Trade and asymmetric alliances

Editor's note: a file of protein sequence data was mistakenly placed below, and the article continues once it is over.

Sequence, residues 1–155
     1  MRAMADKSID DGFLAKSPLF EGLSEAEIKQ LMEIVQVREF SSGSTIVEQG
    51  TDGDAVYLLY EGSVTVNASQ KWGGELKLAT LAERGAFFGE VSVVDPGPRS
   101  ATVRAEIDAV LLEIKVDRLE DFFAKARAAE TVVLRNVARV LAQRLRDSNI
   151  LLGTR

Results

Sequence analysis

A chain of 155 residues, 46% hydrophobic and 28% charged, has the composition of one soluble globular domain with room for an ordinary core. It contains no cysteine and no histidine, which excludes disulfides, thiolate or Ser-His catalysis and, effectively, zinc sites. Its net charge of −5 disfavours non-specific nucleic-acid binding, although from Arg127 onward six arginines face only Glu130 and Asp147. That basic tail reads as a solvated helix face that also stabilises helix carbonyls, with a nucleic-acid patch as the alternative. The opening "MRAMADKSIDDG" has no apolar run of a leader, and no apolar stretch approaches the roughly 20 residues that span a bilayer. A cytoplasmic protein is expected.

Alliances are usually understood as a way for states to aggregate military capabilities in the face of a common threat. From this perspective, the willingness of relatively powerful states to form alliances with much weaker partners is puzzling. The weaker ally often adds little to the stronger stateâ€™s security and may increase its chance of military entanglement. This article presents evidence that international trade helps explain these alliances. States that have the power to do so have incentives to protect their trading relationships against interference from either third states or internal conflict. Alliances are one means of providing this protection. This argument differs from most other research on trade and alliances, which reverses the causal arrow and suggests instead that alliances increase trade. Empirical analysis indicates that trade increases the probability of alliance formation in major powerâ€”minor power dyads and decreases the chance that alliances will dissolve. These results are robust to a variety of changes in the specification of the model and the data used for estimation. They also do not stem from any influence of alliance relationships on trade. An analysis of the effect of alliance formation on change in the level of bilateral trade turns up no evidence that the formation of an alliance increases commerce.
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